“GMOs pose a threat to the land, environment, and family farms, and I don’t think GMOs have a place in our farming and food system,” said Albert Straus, founder and CEO of Straus Family Creamery. “As the first Non-GMO Project Verified Creamery in North America, we are committed to organic farming.
“Organic farming practices protect the environment, address animal welfare, build soil health and provide nutritious food while revitalizing rural communities,” Strauss said. “Organic dairy farming and milk production are the foundation for a carbon-neutral dairy farming model that we’ll achieve on my farm by 2023.”
The speakers emphasized that there are “real and proven benefits of traditional, organic, regenerative dairy created in cooperation with nature.”
Alan Lewis, TEDx speaker, and head of government affairs and food and agriculture policy for Natural Grocers, said that almost all of the labs producing synbio dairy are private and funded by private investors. This leads to many secrets in the patents and allows companies to reveal only what they want revealed. He compared synbio dairy to the way Winston Churchill once described Russia: “a riddle, wrapped in a mystery, inside an enigma.”
Straus ended the webinar with something we must all remember and live by: “Livestock have an essential role in reducing climate change.”
Now, onto the few lighter moments this week. Thanks to my friends at DAH! for including me in the dinner at Semma Southern Indian in the West Village. The multi-course menu featured DAH!’s signature lassi probiotic-rich smoothie incorporated into dishes created by Chef Vijay Kumar (pictured with Padma Lakshmi). Her Hulu show--Taste of The Nation--just received a James Beard award this week, the day before she accepted three honors at the Critics’ Choice Awards.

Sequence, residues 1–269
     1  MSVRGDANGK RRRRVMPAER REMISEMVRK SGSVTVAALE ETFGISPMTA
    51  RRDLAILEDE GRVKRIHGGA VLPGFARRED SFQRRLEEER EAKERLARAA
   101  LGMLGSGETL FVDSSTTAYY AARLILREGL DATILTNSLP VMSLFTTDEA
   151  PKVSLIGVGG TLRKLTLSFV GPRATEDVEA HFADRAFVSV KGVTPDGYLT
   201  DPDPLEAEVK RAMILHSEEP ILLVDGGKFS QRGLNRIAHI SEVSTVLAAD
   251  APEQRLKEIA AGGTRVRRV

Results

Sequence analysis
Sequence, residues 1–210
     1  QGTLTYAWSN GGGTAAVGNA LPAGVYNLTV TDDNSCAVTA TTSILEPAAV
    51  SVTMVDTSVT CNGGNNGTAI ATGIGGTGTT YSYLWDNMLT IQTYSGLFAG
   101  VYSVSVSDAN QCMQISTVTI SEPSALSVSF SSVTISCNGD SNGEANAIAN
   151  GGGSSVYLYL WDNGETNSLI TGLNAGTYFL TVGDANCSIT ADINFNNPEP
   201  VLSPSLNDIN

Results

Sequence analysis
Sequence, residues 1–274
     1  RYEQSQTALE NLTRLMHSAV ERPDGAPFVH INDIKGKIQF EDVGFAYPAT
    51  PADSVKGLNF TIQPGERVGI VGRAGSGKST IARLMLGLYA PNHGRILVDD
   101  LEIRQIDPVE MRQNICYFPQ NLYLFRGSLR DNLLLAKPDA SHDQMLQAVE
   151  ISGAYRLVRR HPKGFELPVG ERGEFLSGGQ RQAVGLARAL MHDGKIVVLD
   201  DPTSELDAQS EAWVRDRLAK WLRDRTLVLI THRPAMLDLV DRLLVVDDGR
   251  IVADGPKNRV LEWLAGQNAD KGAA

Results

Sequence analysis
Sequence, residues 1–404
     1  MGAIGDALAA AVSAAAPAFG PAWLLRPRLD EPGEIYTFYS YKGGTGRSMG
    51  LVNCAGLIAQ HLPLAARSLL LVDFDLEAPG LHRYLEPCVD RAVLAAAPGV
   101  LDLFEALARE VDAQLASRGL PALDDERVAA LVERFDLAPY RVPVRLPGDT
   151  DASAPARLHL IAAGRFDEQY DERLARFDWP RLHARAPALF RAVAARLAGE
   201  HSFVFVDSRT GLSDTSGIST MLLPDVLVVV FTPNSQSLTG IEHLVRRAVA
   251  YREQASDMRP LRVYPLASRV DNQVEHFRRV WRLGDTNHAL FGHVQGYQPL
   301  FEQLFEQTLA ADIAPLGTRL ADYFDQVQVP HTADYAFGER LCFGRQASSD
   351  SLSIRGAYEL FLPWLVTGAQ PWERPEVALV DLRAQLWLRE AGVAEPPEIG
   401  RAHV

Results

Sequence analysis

And yes, I was a bit starstruck with Sarah and Matthew.
Dairy Innovators: Private Kitchen Pitch Contest presented by Midwest Dairy
The Hatchery Chicago has partnered with Midwest Dairy, a non-profit supporting farmers to highlight dairy products, to offer the Midwest Dairy Kitchen Pitch Contest. If you use 25% or more cow’s milk dairy in your ingredient base (made from a cow and can include milk, cheese, yogurt, butter, etc.), you are invited to apply. Applications opened June 1, 2022, and will close June 30, 2022, end of business day (5pm CST). The official rules are HERE
The Hatchery Chicago supports emerging brands with access to kitchen space and wrap-around services to support their business growth. Midwest Dairy represents 4,600 dairy farm families to 39 million consumers working on their member’s behalf to build dairy demand by inspiring consumer confidence in products and production practices. Midwest Dairy is funded by farmers across a 10-state region, including Minnesota, North Dakota, South Dakota, Nebraska, Iowa, Illinois, Missouri, Kansas, Arkansas, and eastern Oklahoma.
One winner will receive six months of free rent in one of The Hatchery’s private commercial kitchens along with other startup support. Apply HERE